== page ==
As I begin this blog at the end of 2016, Britain and America reel in the aftermath of two of the most divisive public votes to ever be held, one of which resulted in the shock assassination of someone who was, by all accounts, of the UK’s finest MPs; there are fears of the collapse of a long-held peace and a fascist resurgence in Europe; innocent Muslims are targeted and persecuted in multiple countries; mass shootings peak and the murder of black civilians continues in the US; the Republic of Yemen disintegrates; there is indiscriminate slaughter and devastation on the streets of Aleppo, against which no one will take action for fear of inciting World War III; Russia continues to threaten Ukraine; and globally, we face what must be the greatest refugee crisis to have ever occurred in human history.
And this is just the stuff we get to hear about, the stories that aren’t drowned out in the endless sound and fury. Every tomorrow comes with more harrowing news, just as you think it can’t get any worse.
I’m getting this out of my system now because I want you to understand that if your heart is breaking, you are not alone. But I promise you, this is the first and last time that this blog is going to dwell on the numerous inconceivable horrors in our world. When lurid headlines scream doom and destruction to us daily while proposing no means of averting the inevitable apocalypse, it makes us hopeless, and it makes us ill.
“What can I do about it?” is a question a lot of us are asking, and it’s one I asked myself in a facebook post a little under a month ago. But there’s a problem with this question. When we think about ourselves as individuals up against a merciless tide of misery, we quickly become too overwhelmed to do anything. And when prevailing political and cultural discourse has been dominated by a cult of individualism since before many of us were even born (“There is no such thing as society”), it’s hard to know how else to understand our place in the world.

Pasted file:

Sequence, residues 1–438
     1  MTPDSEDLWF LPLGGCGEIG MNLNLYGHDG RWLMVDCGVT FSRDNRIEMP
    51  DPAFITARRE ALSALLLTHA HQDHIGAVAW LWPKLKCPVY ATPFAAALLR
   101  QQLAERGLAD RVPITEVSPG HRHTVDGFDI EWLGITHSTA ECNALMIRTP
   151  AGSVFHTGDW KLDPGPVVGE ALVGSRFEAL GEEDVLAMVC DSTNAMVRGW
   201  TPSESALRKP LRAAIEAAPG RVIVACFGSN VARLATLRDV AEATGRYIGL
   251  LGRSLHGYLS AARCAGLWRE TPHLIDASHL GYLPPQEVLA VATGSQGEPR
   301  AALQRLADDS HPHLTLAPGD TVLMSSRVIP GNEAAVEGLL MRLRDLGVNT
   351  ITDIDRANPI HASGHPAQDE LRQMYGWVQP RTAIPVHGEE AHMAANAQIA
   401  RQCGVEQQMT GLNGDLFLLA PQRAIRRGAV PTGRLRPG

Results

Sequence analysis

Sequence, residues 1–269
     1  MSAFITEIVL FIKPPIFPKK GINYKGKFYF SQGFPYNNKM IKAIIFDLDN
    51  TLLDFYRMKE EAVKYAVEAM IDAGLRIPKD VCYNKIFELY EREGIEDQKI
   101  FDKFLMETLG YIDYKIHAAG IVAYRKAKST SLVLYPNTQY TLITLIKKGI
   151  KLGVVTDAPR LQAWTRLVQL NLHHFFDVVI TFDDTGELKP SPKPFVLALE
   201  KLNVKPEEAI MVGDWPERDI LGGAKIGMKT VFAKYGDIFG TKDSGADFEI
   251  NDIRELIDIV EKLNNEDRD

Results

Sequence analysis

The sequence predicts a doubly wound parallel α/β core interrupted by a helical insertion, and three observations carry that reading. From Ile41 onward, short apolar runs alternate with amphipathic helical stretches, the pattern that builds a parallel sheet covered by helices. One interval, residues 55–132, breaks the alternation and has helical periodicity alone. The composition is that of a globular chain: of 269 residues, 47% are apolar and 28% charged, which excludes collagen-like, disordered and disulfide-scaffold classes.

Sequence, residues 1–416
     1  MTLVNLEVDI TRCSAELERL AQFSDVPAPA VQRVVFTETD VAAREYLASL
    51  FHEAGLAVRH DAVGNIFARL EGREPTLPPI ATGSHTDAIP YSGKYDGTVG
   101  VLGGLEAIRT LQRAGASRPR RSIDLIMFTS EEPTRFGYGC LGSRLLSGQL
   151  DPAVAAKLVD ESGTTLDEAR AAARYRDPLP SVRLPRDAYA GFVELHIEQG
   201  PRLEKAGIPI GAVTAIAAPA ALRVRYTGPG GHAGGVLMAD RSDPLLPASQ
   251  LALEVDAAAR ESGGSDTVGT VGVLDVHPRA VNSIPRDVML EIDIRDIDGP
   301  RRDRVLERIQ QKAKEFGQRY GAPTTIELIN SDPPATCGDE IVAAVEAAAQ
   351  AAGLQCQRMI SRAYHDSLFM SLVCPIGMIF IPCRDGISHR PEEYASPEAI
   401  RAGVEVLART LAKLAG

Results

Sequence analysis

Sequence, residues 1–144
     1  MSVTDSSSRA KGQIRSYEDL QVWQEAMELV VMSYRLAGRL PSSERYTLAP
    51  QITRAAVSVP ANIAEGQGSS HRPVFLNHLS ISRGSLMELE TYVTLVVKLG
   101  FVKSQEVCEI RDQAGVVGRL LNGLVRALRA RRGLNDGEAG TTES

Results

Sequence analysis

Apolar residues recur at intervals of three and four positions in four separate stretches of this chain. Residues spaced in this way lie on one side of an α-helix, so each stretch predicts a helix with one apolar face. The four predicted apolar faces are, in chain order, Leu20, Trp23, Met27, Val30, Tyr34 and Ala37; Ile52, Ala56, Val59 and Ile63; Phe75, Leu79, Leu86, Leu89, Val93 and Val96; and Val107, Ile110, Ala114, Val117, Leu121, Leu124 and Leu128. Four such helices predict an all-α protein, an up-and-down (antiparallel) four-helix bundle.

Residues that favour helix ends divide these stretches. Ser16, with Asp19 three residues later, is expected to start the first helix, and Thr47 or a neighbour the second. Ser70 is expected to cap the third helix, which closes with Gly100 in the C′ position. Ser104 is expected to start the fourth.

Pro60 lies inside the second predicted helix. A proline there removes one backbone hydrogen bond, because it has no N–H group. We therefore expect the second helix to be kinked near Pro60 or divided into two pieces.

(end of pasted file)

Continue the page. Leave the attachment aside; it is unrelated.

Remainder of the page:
This blog was originally going to be called whatcanido.wordpress.com, but I’m now kind of glad that was already taken. I think this title is a better one, because as silly as it sounds, I think that asking, “What can we do?” straight away makes the situation feel a little less overwhelming. The hardest and most empowering thing that we can do to start with is to pick apart the ideology of isolation and individualism that we’ve been indoctrinated into, and to realise that it’s never really you alone against the world. To fight the deepening divisions that we face, we must reach out to one another, and reclaim our sense of community and solidarity. Because the honest truth is, I actually know that I can’t change anything. But I still have hope that we can.
It’s going to be baby steps: in the absence of a snow shovel, we’re going to have to clear that beach one single starfish at a time. But then if you ask me, the demand for instant solutions is one of the biggest challenges we face today. Technology has fooled us into believing that we can have anything we want at the click of a button, and it’s a pernicious myth that makes us disappointed when solutions to serious problems aren’t that simple, often leading us to lash out and look for someone to blame.
I know that there’s an irony to my sitting home alone writing this blog on the internet. But my intention in starting this is to motivate myself to get out and do things, and then to write about them, and hopefully offer some inspiration to anyone else reading in the process (I’m not going to flatter myself there’ll be any significant number of readers at first, but even if it’s just a few it’s worth it). I’ll also be collecting together any articles or sites I think offer hope or useful suggestions – so if you’ve got any ideas yourself or even fancy writing something for me about something you’ve done or something you’d like to see happening, I’d love to hear from you. The more collective this project becomes, the better.
So, here’s to a 2017 that’s better than 2016. I mean at least it can’t possibly be much worse – right?